• Calculating and understanding the cost implications of wrong decisions
    • Cost implications of projects being delayed by IR35
  3. Supply chain compliance
    • Do existing suppliers have robust processes for managing IR35?
    • Contractors are moving from Ltd Company (PSC) to Management (umbrella) Companies. Are these schemes compliant?
  4. Contract Management and working-practices
    • Do you hire and manage contractors in the same way as permanent staff?
    • Do contractors work via Job Description just like staff?
    • Do you pay contractors for 'being at work' via a timesheet?
    • Mobility of contractors is significantly impacted by inside IR35 status as they lose the ability to claim and offset expenses
The impact of these challenges has been considerable for some Public Sector organisations:
  1. Increasing costs of contractor workforce
  2. Difficulties engaging the key capabilities, skills and experience that are vital for projects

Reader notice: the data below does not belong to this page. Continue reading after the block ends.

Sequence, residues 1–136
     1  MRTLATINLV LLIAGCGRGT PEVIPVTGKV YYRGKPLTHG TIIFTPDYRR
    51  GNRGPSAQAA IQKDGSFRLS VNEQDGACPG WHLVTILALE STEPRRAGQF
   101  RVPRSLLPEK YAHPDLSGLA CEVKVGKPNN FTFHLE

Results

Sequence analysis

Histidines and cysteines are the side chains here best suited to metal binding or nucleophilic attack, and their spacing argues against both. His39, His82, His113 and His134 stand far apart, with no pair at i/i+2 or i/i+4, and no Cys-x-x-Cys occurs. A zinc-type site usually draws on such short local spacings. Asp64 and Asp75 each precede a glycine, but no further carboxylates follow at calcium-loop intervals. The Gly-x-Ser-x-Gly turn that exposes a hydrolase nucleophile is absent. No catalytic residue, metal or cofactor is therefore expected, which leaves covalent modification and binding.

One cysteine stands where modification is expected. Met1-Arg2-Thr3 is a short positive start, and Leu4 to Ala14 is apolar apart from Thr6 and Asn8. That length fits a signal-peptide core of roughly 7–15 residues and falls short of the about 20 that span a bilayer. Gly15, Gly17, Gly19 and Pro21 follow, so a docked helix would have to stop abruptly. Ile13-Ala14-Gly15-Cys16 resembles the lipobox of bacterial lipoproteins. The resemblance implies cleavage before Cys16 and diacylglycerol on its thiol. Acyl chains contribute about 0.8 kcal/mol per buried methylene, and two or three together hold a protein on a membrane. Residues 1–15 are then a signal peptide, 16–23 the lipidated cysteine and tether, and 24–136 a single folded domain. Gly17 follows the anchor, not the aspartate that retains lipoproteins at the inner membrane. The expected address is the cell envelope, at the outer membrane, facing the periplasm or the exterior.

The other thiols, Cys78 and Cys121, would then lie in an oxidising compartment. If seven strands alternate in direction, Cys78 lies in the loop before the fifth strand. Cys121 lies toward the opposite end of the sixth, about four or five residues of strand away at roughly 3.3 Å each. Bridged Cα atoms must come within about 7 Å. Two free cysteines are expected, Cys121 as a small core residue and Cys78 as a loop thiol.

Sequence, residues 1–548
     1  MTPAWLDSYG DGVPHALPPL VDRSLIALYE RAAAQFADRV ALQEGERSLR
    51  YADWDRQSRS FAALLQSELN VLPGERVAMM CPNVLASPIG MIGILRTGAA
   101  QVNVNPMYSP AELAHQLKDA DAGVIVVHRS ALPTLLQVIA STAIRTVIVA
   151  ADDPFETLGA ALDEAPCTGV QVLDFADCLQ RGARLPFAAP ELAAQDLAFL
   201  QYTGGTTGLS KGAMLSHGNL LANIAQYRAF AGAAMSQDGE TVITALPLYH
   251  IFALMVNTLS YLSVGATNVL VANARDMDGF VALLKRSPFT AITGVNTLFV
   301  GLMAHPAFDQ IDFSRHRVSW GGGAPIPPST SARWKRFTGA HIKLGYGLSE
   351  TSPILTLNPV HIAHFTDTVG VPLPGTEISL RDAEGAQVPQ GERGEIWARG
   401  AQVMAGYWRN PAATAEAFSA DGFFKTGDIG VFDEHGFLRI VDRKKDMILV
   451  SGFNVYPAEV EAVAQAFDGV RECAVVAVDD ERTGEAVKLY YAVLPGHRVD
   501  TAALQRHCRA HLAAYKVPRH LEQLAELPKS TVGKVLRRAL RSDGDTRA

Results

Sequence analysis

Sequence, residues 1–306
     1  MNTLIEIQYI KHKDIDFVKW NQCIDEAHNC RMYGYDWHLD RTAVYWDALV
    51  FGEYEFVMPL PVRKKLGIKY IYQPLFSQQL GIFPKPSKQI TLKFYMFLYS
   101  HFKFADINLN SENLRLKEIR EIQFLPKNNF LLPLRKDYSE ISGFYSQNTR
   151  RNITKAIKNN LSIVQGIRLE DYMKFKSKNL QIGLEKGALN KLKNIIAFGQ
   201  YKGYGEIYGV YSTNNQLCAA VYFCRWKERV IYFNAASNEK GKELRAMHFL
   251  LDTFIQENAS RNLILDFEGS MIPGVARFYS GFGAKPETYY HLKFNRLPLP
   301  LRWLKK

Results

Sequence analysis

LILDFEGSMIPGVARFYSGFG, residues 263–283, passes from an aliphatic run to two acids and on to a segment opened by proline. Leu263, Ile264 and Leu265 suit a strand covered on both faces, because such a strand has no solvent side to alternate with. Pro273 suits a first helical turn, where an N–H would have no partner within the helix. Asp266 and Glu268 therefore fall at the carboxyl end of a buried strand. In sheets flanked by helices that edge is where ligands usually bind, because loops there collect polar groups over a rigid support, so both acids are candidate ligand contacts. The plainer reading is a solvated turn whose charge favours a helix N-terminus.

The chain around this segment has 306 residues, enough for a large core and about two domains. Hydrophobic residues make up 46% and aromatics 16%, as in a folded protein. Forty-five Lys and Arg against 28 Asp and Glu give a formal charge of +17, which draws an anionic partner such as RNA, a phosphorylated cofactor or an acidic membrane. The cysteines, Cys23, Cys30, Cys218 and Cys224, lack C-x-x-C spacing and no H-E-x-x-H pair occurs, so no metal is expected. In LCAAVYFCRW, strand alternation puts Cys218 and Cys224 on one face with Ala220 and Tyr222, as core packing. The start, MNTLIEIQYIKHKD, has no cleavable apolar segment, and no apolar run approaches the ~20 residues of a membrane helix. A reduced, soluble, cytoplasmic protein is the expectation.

3. Losing existing key contractors and their knowledge base
  4. Delays to projects and in some extreme cases, projects being stopped or failing completely
  5. Mounting reliance on big consultancy firms – increasing costs further and losing control of critical projects
Ultimately, the Public Sector lost skills and expertise to the Private Sector post the changes back in 2017, but they didn’t have the risk of losing competitive advantage – this is something that will happen in the private sector if businesses don’t prepare appropriately and make the required changes early enough to protect themselves.

How can Certes help you to overcome the IR35 problem?

Our IR35 experience in the Public Sector means we’ve seen the good, the bad and the ugly!  We’ve got Case Study examples which can inform, guide and provide lessons learned to help you approach the challenges ahead. Most importantly we listened (really listened), using our experience and relationships to design, develop and test our innovative Turnkey Solution, proven to be IR35 compliant and used by a number of Public Sector organisations. To find out more about how we can help you understand IR35 challenges, plan to manage the changes and implement a solution to the problem, get in touch today.